Indeed, some reviewers were skeptical of Carreño, and child pianists as a whole. The reviewer John Sullivan Dwight attended Carreño’s January 1863 performances in Boston. Although he called her “a wonder” he also wrote:
The danger is lest her talent, by such early continual exhibition and exposure, should all run to waste in superficial, showy music; and no less, that such abnormal and excessive tasking of the brain should wear the life out soon.” 
Dwight may not directly call her father a “stage dad” here, but if anyone was responsible for Carreño’s ‘continual exhibition’ it would have been him. In adulthood, however, Teresa Carreño credited her father with seeing her love of piano and teaching her so well:
You see what a foundation I had from my father who, in all his busy life […] found joy in training his little girl in the art which he so dearly loved, and of which he was himself in reality a master.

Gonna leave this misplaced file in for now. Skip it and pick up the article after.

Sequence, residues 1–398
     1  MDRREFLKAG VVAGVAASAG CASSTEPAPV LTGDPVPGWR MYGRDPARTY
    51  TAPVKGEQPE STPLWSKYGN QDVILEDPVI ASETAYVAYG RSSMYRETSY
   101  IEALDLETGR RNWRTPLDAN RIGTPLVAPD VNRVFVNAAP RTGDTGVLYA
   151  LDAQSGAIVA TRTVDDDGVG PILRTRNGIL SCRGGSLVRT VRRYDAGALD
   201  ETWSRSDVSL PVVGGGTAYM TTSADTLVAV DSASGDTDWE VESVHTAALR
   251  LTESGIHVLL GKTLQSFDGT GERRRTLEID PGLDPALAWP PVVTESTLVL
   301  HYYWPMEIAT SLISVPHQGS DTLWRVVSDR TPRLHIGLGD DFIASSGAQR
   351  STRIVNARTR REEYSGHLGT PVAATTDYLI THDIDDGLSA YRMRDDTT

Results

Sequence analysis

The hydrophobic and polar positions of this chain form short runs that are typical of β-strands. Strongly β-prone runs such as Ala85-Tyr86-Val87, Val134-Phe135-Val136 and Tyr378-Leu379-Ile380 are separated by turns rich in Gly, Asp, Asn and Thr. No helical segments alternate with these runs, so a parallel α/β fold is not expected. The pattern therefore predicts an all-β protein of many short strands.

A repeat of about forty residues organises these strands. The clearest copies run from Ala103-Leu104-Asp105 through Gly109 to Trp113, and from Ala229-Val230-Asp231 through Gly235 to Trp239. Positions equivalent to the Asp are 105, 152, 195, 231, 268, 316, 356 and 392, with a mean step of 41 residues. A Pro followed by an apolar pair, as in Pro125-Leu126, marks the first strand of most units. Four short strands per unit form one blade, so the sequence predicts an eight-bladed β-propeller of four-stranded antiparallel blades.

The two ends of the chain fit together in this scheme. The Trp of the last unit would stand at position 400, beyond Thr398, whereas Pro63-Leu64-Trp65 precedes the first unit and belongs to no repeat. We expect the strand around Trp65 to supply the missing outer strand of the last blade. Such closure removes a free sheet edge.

Later in life, Carreño taught piano in the style her father had taught her as a child. She also continued to perform around the world for more than 50 years.
I was struck by Teresa’s fond memories of learning the piano from her father. Could her story, I asked myself, inspire my own parenting? Eight months into remote PreK (plus two months of summer learning run by yours truly), the only instruments my kids have played have been made out of recycled materials. One of my kids taught himself to whistle(!), but thus far has been unable to teach me to do the same. Perhaps, in the end, it comes down to sharing what you know and love. After all, we’ve read a lot of great historical books. And, besides, they don’t turn six until next year.